My Interviews - Richie Albright


Ritchie Albright

1940 - 2021

©2007 By Bronson Herrmuth

In the world of country music, Richie Albright has made history as a drummer, songwriter, and as a producer. The list of artists he has played with is a long one which includes: Waylon Jennings, Jessi Colter, Willie Nelson, Johnny Cash, Tony Joe White, Tompall Glaser, Hank Williams, Jr., The Jordanaires, David Lynn Jones and so many more. In March, 2007 Waylon's 1980 #1 single, "Theme From Dukes of Hazzard (Good Ol' Boys)", which Richie played drums on and produced, became the RIAA's first platinum-certified country Mastertone recognizing one million purchased ringtones. His pro career spans over 50 years, 40 albums, and he is still going strong producing and performing. The following interview is taken from a 30 minute sit down I had with Richie in Al Jolsons studio in July, 2007.

Listen to this entire 30 minute interview:
Part One (4.2 MB) mp3   Part Two (4.9 MB) mp3   Part Three (3.9 MB) mp3   Part Four (4.5 MB) mp3

Bronson: When did you start playing drums, what was your first paid gig?
Richie Albright: My first paid gig was a high school prom in 1956.

Bronson: You're from Oklahoma, right?
Richie Albright: Born in Oklahoma and raised in Arizona.

Bronson: When did you come to Nashville?
Richie Albright: I moved to Nashville in 1966 actually, moved here with Waylon after he signed with RCA.

Richie Albright with Bee Spears and check out Meat N 3 Great trio with Richie, Bee, and Ricky Ray.

Bronson: How many years were you with Waylon?
Richie Albright: Off and on some 28 years. I took some time off a time or two, I had to go rest, I couldn't keep up with him. (laughing) He wore out more people with his energy and everything. Musically it was just the greatest thing. To be able to communicate with somebody on that level. We didn't even say that much, he was a very spontaneous person when we did things in the studio.

Bronson: There's a lot of drummers out there playing country music today, and they're playing Good Hearted Woman and all of those classic songs that you played on and produced. Were you thinking about that when you were doing that, that you were creating this sound that everybody was going to play?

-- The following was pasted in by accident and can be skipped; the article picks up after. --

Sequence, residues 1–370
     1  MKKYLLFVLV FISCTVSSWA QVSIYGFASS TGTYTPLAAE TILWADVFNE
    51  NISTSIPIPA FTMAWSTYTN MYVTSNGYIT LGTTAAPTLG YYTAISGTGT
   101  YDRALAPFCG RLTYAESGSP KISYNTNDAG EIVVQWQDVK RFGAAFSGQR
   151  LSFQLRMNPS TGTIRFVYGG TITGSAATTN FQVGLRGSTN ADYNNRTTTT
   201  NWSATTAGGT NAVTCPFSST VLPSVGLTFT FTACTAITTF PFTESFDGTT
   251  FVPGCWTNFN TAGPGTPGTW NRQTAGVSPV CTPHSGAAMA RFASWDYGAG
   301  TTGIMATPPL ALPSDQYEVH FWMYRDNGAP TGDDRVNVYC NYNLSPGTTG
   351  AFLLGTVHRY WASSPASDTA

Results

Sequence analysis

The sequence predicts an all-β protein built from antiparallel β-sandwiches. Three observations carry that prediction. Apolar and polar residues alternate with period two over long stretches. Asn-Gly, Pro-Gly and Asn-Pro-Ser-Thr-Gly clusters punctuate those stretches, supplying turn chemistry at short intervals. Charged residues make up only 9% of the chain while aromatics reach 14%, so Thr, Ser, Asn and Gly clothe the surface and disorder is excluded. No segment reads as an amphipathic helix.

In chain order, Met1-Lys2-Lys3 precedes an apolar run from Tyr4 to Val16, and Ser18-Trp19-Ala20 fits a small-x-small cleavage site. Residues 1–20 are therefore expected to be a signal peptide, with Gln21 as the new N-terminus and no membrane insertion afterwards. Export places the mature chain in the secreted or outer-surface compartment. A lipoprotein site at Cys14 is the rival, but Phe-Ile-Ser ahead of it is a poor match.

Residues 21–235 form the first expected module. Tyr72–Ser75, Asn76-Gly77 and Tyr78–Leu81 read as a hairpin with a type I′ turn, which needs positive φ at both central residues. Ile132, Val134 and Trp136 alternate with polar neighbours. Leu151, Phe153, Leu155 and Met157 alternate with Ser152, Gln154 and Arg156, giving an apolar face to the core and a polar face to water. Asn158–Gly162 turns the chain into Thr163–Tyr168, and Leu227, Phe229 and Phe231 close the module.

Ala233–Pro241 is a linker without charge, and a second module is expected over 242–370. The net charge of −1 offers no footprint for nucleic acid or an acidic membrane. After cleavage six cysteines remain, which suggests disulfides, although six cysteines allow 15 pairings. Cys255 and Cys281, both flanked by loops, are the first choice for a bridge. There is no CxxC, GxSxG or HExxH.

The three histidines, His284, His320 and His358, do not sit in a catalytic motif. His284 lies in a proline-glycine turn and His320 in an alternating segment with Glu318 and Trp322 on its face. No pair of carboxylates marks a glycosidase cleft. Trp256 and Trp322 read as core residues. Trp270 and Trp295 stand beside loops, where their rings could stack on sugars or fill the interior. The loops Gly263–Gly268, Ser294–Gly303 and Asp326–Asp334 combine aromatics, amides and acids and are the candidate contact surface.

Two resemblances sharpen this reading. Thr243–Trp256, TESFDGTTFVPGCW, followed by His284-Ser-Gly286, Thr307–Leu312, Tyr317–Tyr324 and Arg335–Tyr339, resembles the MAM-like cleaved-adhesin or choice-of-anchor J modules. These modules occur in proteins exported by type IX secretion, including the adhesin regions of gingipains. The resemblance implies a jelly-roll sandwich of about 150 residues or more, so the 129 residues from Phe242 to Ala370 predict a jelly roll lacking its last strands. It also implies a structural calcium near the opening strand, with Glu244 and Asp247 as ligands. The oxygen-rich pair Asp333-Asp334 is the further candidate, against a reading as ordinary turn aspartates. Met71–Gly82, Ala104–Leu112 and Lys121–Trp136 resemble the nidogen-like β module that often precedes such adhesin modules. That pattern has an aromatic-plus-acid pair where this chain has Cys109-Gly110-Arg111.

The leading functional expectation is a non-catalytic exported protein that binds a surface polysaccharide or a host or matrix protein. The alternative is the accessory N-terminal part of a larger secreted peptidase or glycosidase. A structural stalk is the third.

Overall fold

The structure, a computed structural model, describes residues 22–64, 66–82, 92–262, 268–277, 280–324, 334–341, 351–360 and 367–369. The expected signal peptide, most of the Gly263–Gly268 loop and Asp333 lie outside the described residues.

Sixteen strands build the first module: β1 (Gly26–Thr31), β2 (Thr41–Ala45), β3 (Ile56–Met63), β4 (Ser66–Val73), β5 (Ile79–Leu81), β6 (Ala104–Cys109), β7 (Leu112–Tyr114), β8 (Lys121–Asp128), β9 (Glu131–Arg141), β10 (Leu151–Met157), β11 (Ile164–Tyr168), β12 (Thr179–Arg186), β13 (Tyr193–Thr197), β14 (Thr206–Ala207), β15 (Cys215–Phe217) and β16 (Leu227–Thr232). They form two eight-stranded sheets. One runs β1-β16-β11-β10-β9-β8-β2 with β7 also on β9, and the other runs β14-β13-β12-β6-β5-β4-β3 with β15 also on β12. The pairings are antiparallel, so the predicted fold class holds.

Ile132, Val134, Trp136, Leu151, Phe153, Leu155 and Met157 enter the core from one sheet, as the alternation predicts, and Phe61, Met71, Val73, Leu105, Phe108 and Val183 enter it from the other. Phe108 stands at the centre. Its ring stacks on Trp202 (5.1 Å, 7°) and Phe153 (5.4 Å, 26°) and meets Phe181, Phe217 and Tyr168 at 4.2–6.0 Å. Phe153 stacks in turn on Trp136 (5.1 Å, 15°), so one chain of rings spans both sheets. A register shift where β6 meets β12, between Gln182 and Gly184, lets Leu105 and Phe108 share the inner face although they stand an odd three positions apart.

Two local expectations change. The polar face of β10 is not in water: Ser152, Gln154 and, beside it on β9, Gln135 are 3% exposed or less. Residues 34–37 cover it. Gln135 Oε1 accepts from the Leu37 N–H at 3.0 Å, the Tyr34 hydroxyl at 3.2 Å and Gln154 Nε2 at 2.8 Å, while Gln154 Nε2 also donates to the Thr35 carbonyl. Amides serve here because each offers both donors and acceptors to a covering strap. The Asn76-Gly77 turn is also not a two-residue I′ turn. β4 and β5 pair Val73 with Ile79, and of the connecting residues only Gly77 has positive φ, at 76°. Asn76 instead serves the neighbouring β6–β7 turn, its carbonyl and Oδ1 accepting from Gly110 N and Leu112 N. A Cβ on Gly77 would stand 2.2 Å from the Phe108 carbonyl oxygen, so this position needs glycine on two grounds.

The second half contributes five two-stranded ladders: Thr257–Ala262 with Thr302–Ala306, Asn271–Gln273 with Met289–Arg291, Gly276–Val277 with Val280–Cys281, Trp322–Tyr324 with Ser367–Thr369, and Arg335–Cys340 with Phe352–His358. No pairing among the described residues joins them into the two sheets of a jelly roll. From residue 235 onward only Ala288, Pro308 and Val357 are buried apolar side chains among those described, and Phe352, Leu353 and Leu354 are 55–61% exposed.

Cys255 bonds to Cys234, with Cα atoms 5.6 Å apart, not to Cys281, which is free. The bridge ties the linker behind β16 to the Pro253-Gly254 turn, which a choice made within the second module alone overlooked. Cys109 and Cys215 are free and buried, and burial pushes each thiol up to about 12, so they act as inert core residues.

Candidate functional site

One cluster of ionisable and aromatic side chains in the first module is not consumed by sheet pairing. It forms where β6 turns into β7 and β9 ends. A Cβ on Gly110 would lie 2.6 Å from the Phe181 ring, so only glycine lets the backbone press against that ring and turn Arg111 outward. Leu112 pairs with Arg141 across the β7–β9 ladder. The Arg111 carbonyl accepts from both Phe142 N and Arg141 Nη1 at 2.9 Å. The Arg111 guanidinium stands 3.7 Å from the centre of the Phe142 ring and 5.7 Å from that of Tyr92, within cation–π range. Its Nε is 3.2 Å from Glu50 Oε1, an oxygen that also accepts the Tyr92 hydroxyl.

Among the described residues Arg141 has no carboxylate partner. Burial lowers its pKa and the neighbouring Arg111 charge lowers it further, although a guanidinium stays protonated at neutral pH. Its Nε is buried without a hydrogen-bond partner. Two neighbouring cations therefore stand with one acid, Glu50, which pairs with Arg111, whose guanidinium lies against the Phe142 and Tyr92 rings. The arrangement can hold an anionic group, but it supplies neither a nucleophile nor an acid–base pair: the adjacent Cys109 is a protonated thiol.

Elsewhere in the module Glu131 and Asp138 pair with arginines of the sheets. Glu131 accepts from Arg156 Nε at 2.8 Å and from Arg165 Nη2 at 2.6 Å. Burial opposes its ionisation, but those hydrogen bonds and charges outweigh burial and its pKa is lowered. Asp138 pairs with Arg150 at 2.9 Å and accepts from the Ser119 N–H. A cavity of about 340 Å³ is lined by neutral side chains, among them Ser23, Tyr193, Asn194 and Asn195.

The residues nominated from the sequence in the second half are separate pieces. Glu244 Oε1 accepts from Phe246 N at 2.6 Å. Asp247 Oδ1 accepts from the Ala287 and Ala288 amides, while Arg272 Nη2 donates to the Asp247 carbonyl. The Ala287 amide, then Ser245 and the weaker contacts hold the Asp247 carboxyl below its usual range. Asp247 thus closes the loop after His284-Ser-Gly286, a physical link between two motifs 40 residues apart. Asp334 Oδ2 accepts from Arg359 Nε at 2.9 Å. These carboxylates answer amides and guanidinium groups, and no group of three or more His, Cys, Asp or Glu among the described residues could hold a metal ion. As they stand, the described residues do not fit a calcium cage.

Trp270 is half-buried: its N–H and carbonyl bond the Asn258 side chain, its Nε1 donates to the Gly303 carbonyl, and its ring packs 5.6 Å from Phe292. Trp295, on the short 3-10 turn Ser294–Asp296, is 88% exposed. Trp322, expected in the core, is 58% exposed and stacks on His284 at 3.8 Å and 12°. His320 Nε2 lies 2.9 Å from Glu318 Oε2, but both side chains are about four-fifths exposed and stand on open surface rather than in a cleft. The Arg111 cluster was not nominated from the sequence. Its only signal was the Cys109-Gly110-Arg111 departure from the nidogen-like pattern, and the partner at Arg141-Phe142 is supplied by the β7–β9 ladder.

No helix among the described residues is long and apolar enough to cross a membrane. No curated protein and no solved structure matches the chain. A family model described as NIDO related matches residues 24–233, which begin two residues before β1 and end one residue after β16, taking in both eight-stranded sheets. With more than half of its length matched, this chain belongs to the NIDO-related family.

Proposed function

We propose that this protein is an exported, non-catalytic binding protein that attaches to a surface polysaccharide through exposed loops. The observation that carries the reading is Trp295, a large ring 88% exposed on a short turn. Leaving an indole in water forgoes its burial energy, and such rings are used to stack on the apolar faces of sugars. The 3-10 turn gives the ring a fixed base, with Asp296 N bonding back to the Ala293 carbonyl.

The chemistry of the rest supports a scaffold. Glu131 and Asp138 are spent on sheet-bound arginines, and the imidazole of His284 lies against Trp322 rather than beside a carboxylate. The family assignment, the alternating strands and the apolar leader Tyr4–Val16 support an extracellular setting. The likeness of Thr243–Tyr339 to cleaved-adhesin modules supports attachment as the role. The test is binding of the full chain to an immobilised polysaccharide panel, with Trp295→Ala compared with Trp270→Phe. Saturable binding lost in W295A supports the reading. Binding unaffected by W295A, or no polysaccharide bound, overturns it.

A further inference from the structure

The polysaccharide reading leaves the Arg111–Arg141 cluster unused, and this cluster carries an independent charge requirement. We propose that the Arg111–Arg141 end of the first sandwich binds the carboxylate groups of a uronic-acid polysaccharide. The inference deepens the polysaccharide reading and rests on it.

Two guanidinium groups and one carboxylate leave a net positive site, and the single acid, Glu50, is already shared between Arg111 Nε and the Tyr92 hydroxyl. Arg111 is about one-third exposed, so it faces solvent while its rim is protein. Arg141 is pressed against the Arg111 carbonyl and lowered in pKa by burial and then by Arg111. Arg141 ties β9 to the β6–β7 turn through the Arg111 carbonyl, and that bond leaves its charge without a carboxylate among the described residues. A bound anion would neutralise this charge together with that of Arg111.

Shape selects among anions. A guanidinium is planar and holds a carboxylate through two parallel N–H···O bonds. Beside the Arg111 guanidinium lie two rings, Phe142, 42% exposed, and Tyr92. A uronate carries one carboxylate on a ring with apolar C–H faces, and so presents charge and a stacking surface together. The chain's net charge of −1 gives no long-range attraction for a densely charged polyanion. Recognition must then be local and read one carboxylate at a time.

Richie Albright: (laughing) No, that never crossed my mind. I knew that I was playing with a very dynamic, just outrageous, great singer and guitar player, that's what I knew. You know when magic happens it happens a lot so that was a good barometer, I knew he was going to be big, I was just there for the ride man.

Bronson: But you're credited with that whole, it's like a back beat thing right?
Richie Albright: It's a half time thing. Of course Ralph Mooney said "I was just too lazy to play it right." (laughing) 'Cause I was cutting a lot of those songs in half you know. I was very influenced by Levon Helm during The Band era back then and that's where that really all come from, that feel.

Bronson: You worked with Waylon in two different configurations, two different band names?
Richie Albright: Yeah, the last one was the Waymore Blues Band. He told me, he said "This is the band I always wanted right here with the horns." He really liked horns and Jim Horn wrote all the charts and everything for the stuff, God it was fun. That's something that I as a drummer, I think any drummer would want to play with a horn section sometimes 'cause it just adds so much punch to the music you know. I'd already written that one off that I'd never do it and I'll be damned if it didn't come back around. We were eleven peice. The first time around we were The Waylors, we were four peice counting Waylon. Bass, drums, rhythm guitar and lead.

Bronson: Do you have a preference to playing live or in the studio?
Richie Albright: Probably live I enjoy more, the studio is a little more of an intense enviroment. You have to think about things more.

Bronson: Weren't you the music supervisor for the Dukes Of Hazard for a while?
Richie Albright: The first year I was. It was fun but between the road and tryin' to keep up with that stuff it was a little, you know. We got the first year in, we just did a bunch of episodes at a time and gave them a bunch of stuff. It's hard to agree musically with people on the other side. (laughing)

Bronson: I know you're really busy right now, you're working with Jessi Colter right?
Richie Albright: Some yeah, we done an album here about a year ago. She came into town actually about 2 weeks ago and I think she cut five or six things out at Barney's studio. I went out and played on a couple.

Bronson: Any advice for someone just starting out?
Richie Albright: The only thing I can say is write a hit song that nobody can deny. You got that they can't turn their head to it.

The Tennessean published when Richie went to Heaven

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